Mr. Arthur Lloyd deservedly has been, and will continue to be a favourite with the amusement-seeking public of Dublin. The great popularity he has attained in England for his many admirable comic songs has extended itself in an equal degree to this country, and the name of Lloyd alone is sufficient to fill the largest room used for concerts in the City. This was fully exemplified last evening when, notwithstanding the rival attractions of the Italian Operas, a new star at the Queen's and the inducements held forth for a visit to the Exhibition building, Mr. Lloyd had to congratulate himself on having almost crowded the Round Room of the Rotundo. Successful as he has been here on former occasions there appears to be little doubt but that success will be in a great degree augmented during his present visit. The "two hours fun" which he provides is varied in its nature and pleasing in its arrangement. The troupe which accompanies Mr. Lloyd is exceedingly clever and very talented. Some comic sketches are very happily brought out; Mr. W. B. Alexander is an excellent ventriloquist, and delights the audience by some amusing incidents, in which he shows much ability in his profession. Mr. R. Lloyd also performs his part well, and Miss Minnie Lloyd and Miss Lizzie Nelson are very well received. As regards Mr. Arthur Lloyd, his appearance last night was hailed with loud applause, and the inimitable manner in which he rendered some of the most favourite comic songs provoked several encores. He was especially good in his new song, "Not for Joseph," sung for the first time in Dublin, which was enthusiastically re-demanded. The stage, which was very prettily arranged, reflected much credit on Mr. Dillon. Mr. Lloyd's concerts will continue in the Rotundo this evening and to-morrow.
Text from the Irish Times of 1867 - Kindly sent in by David O'Connor, the Great, Great, Grandson of Mr James Dillon, manager of the Rotundo at the time.
Review from the Irish Times of 1868
for Arthur Lloyd and company
Mr. Arthur Lloyd's Comic Concerts In The Round Room Of The Rotundo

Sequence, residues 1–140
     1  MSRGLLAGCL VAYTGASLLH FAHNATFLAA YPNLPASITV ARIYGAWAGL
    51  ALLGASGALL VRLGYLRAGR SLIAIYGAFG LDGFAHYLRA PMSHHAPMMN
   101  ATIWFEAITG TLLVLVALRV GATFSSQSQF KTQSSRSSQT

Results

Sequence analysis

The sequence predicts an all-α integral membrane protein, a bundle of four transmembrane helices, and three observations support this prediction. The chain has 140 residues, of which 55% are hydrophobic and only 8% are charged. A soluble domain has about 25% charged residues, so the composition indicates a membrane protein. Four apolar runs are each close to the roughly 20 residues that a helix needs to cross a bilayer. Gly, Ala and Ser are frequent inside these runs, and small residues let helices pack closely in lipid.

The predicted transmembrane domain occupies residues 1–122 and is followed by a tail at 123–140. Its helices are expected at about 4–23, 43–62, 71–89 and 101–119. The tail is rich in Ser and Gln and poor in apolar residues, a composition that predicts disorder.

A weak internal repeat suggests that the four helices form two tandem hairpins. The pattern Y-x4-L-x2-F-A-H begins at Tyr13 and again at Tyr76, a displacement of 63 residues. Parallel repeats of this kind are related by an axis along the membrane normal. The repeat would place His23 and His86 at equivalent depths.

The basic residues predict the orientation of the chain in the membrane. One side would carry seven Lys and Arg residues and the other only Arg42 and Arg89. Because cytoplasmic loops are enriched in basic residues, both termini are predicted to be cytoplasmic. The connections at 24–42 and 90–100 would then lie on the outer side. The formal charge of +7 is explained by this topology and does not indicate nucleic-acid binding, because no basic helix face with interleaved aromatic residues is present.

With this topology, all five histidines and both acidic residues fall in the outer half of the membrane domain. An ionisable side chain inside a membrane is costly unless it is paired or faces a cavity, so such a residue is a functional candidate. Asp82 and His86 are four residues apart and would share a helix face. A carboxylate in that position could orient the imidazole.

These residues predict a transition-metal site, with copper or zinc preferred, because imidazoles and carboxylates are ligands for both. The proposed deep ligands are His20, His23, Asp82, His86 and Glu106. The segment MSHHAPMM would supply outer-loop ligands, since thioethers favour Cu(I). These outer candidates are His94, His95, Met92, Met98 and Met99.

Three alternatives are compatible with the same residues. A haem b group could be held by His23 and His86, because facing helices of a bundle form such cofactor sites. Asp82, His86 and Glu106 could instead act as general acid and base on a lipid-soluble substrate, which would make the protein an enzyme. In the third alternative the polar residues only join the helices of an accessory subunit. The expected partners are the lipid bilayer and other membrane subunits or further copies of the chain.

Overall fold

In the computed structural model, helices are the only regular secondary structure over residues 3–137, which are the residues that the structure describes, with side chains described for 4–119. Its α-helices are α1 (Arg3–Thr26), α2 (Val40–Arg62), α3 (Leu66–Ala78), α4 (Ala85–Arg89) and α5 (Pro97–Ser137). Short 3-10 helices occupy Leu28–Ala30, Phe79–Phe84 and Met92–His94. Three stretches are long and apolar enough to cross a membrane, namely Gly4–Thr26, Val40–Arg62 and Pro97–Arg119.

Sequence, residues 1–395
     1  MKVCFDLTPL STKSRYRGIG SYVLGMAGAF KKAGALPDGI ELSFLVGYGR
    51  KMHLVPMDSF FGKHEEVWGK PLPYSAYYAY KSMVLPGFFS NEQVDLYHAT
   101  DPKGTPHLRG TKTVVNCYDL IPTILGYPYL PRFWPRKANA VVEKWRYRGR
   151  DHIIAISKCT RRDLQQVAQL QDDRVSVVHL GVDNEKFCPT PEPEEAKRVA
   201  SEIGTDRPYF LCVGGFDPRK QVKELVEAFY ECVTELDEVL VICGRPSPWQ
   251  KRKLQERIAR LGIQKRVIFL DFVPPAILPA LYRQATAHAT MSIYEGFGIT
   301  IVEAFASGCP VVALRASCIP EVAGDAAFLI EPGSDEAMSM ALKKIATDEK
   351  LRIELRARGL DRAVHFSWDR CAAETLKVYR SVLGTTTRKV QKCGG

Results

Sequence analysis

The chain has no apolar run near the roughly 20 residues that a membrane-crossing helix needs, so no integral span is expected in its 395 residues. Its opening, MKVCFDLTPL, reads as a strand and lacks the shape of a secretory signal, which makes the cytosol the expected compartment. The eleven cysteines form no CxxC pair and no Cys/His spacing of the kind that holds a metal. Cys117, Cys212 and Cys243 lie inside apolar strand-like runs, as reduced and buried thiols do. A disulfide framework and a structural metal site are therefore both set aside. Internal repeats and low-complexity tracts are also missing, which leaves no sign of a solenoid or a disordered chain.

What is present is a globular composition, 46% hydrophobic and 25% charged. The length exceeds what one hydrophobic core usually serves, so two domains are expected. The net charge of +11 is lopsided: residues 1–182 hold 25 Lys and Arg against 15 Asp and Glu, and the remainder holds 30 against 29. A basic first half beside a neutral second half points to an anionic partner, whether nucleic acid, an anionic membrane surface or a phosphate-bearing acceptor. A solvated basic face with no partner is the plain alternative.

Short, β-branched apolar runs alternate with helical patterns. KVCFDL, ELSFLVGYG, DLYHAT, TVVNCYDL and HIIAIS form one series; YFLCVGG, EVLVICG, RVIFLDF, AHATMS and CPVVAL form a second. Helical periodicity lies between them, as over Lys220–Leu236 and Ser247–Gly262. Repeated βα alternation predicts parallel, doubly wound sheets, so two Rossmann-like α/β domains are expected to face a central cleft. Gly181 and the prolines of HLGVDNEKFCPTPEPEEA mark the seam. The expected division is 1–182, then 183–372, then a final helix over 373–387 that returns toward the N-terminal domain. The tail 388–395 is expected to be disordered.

If one is melancholy and suffering in the least degree from ennui, a remedy can be found by spending an hour or two with Mr. Arthur Lloyd, in the Round Room of the Rotundo. Many persons from time to time have visited the City and given public concerts of a comic character, not sentimental concerts which became comic from painful failures on the part of the vocalists, but concerts devoted exclusively to songs of an amusing character. Some have had merit and others sadly failed indeed, arising from the fact that it is most difficult to get a good comic singer as to find a really good tenor for the Italian Opera, so that when Giuglini or Ifungini appear, persons crowd to hear them. On the same principle people go to hear a comic singer who is unrivaled, and such is Mr. Arthur Lloyd. He no sooner sings than mirth seizes upon the audience - young and old - and holds them captive until the vocalist makes a parting bow. His programme last evening was varied and indeed amusing. The songs are his own composition, and he has given them names characteristic of their gaiety. Mr. Lloyd's appearance at present in Dublin, we believe is due to Mr. Dillon, who seems to be ever on the qui eire for some new attraction to amuse people and arouse them from depressing influences of this work-day world. Mr. Lloyd's song, "Beautiful for ever," in memory of Madame Rachel, was one of the best items in the programme last evening. The concert was diversified by other amusing entertainments.
Text from the Irish Times of 1868 - Kindly sent in by David O'Connor, the Great, Great, Grandson of Mr James Dillon, manager of the Rotundo at the time.
Review from the Irish Times of 1871
for Katty King, Mrs. Arthur Lloyd, and company